Companies that use the Square seller ecosystem can pay their employees directly to Cash App. This can motivate employees to open a Cash App account and get their salary faster.
Square can leverage their Cash App user base and provide their corporate clients access to Cash App users. The corporate clients get to offer their products and services to the whole Cash App ecosystem.
According to this analysis, the Seller ecosystem is worth $55.5B and the Cash App ecosystem $85B. If Square pays off all their liabilities, they are left with $0.5B in short-term liquid assets that we have to add. So the target value for SQ given all the above would be $141B or $312 per share. The stock is currently trading at $240.38 per share and a $108.4B market cap.
I think Square is in a unique position right now and has a competitive advantage, especially in the FinTech wallet space. The Cash App ecosystem will probably be one of the most important for them also going further but their B2B segment compliments their offering and provides good synergies. International expansion has just started in Square and will be a nice growth generator for the coming years.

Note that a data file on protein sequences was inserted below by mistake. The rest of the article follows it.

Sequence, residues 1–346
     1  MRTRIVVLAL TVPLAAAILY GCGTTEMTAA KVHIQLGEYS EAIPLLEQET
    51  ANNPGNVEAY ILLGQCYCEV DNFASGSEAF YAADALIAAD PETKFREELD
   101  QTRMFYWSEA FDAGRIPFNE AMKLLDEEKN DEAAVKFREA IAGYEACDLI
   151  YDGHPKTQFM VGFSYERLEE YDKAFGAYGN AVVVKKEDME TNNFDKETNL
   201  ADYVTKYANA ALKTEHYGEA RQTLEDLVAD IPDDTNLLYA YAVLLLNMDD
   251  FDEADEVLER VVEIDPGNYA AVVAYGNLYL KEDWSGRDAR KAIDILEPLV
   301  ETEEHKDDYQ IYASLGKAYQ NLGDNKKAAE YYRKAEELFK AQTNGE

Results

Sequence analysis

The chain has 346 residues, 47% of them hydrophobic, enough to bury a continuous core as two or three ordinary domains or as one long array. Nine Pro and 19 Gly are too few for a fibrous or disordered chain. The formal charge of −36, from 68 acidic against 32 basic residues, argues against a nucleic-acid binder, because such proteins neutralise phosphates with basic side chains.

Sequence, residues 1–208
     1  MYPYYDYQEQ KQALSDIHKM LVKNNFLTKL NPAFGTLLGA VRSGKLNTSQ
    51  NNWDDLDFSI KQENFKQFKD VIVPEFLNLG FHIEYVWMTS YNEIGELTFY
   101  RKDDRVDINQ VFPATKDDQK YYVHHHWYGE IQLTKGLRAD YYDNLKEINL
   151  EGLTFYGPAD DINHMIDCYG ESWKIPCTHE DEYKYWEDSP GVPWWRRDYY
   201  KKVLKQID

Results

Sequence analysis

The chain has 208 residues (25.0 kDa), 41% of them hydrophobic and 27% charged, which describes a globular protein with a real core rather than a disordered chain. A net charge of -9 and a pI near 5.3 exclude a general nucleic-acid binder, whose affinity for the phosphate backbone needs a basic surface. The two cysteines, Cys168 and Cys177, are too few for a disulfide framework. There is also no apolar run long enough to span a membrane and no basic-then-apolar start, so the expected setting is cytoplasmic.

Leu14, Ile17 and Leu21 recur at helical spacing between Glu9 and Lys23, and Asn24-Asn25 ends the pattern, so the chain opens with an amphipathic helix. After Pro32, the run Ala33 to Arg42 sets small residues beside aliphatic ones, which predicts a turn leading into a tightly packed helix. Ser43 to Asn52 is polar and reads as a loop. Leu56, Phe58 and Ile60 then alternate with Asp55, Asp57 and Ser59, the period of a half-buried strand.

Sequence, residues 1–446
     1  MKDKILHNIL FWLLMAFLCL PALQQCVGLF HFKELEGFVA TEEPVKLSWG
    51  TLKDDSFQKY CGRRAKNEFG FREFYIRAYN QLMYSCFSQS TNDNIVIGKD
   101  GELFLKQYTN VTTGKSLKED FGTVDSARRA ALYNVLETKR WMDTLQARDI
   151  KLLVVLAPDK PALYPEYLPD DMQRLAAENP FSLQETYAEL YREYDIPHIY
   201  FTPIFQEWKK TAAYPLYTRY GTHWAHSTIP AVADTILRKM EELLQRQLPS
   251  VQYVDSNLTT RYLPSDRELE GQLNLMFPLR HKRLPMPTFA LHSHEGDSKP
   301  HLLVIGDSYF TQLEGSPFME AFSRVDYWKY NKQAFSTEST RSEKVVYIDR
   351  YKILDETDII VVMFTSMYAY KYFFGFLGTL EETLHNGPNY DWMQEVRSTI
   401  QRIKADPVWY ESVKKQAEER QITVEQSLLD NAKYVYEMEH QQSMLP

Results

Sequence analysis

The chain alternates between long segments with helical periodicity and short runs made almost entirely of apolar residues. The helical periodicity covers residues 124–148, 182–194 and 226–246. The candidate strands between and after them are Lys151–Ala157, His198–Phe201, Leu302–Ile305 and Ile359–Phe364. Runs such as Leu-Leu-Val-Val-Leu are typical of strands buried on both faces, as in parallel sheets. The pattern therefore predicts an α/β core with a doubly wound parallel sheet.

Even though the stock had a nice run, I think the run is justified as their performance, especially in 2020, highlights their strong market position and I believe in the company long term.
If you liked this analysis and are interested in others, please subscribe to this newsletter; it is free. I also regularly post my portfolio positions and the investment moves I make.
Nothing contained in this website and newsletter should be understood as investment or financial advice. All investment strategies and investments involve the risk of loss. Past performance does not guarantee future results. Everything written and expressed in this newsletter is only the writer's opinion and should not be considered investment advice. Before investing in anything, know your risk profile and if needed, consult a professional. Nothing on this site should ever be considered advice, research, or an invitation to buy or sell any securities.